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A group of bingo-obsessed seniors from Queens may go down in the history books as statewide game changers.
The since-disbanded posse of old-time outlaws were fined some five years ago when a tipster with way too much on their hands ratted them out for holding too many bingo competitions at the Forest Hills senior center, breaking a rarely enforced — and little known — law that community organizations without a state-issued license can only host the games up to 15 days per year.
The Big Apple’s tight-knit bingo community was understandably upset by the crackdown, first reported by the Queens Chronicle.
“That’s ridiculous!” fumed Maureen Legoff, 74, prior to a heated Friday night contest at Fifth Avenue Bingo in Park Slope.
“It’s almost like you can go to the Army, but you can’t smoke a pack of cigarettes.”
She added: “Losing money at bingo is better than losing your virginity at a hookah bar!”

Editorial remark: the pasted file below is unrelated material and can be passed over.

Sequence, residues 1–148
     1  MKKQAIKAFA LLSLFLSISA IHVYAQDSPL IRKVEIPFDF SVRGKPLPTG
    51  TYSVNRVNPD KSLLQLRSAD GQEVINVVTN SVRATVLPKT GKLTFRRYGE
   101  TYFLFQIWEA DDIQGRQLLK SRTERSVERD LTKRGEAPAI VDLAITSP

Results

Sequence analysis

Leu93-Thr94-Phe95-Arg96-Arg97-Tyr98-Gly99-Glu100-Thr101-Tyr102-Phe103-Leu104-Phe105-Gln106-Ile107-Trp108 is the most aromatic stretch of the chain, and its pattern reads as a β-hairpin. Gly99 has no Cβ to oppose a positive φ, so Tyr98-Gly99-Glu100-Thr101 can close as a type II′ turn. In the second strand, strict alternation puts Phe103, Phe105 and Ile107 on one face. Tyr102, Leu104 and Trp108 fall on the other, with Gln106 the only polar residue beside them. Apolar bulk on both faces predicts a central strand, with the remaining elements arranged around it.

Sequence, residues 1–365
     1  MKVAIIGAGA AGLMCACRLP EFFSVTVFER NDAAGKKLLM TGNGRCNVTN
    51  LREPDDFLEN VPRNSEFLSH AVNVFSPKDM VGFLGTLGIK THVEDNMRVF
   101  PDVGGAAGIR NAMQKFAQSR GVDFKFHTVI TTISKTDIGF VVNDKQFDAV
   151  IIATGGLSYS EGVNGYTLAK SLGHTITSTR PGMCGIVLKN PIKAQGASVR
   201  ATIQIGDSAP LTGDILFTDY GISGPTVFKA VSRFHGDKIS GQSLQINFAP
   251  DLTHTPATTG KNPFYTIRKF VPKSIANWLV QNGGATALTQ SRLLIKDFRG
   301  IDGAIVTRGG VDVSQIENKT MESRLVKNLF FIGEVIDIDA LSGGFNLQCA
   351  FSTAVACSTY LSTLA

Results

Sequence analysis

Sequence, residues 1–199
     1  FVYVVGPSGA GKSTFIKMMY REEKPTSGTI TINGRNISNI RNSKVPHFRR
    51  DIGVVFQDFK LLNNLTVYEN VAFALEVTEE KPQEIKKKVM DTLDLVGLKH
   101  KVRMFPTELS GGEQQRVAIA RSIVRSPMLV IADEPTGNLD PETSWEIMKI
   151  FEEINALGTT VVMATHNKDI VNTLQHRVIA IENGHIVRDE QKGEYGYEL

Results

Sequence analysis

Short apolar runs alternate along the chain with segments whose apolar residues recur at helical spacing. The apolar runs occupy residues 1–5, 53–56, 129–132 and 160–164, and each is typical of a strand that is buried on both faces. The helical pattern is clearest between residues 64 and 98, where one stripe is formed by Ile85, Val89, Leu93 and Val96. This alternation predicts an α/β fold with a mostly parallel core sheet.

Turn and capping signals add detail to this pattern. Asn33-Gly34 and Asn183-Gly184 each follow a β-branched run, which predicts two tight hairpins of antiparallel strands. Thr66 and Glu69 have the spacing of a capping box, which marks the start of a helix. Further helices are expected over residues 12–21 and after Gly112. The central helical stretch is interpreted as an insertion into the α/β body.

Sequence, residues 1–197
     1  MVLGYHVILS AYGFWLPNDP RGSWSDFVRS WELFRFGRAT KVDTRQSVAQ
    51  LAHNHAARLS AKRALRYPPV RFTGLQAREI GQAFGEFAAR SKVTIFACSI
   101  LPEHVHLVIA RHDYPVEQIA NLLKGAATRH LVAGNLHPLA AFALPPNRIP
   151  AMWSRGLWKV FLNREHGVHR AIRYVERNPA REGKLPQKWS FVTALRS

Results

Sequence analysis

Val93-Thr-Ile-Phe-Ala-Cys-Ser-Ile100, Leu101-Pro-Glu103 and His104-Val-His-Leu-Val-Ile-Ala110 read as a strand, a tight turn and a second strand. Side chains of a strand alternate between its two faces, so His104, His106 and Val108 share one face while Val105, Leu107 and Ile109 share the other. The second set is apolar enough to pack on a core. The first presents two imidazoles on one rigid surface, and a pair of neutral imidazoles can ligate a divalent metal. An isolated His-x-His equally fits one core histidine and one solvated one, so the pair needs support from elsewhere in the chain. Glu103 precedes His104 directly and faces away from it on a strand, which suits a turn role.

But now Sen. Toby Ann Stavisky (D-Flushing) is looking to allow non-licensed groups to get their “legs elevens” and “clickety clicks”-on, up to two times a week.
“It’s not about gambling, it’s about socializing,” said Stavisky, who described the legislation as a “common sense” bill, which was approved April 8 in the state Senate.
Her proposal doesn’t change the maximum prize of $150 per year; it only expands the number of games allowed and covers nonprofit and religious organizations.
“Senior centers give people a reason to get up in the morning instead of staring at four walls. It’s about seeing old friends and making new ones,” the lawmaker said.
Stavisky’s bill has yet to pass in the Assembly, where it’s sponsored by Assemblyman David Rosenthal (D-Flushing). Still, she is confident the legislation will pass because “the Assembly members realize there are senior centers in their district that will benefit.”
The most recent bingo violation to come before the city happened in December, when a woman claimed she was denied her winnings at a Queens social group. The matter is pending, according to a spokeswoman for the city Department of Consumer Affairs.
“The prize at bingo games at one of the centers in my district is a cookie. Hardly high-stakes gambling,” Stavisky said.
“Bingo!” said 70-year-old gamer “Sydney,” of Bay Ridge.
“I think we have bigger fish to fry than to worry about flippin’ bingo! You turn on the news and it’s who’s stabbing who…” She noted she once won $4,000 but you “also go through dry spells. Some people don’t have children or family. Bingo fills the gaps.”
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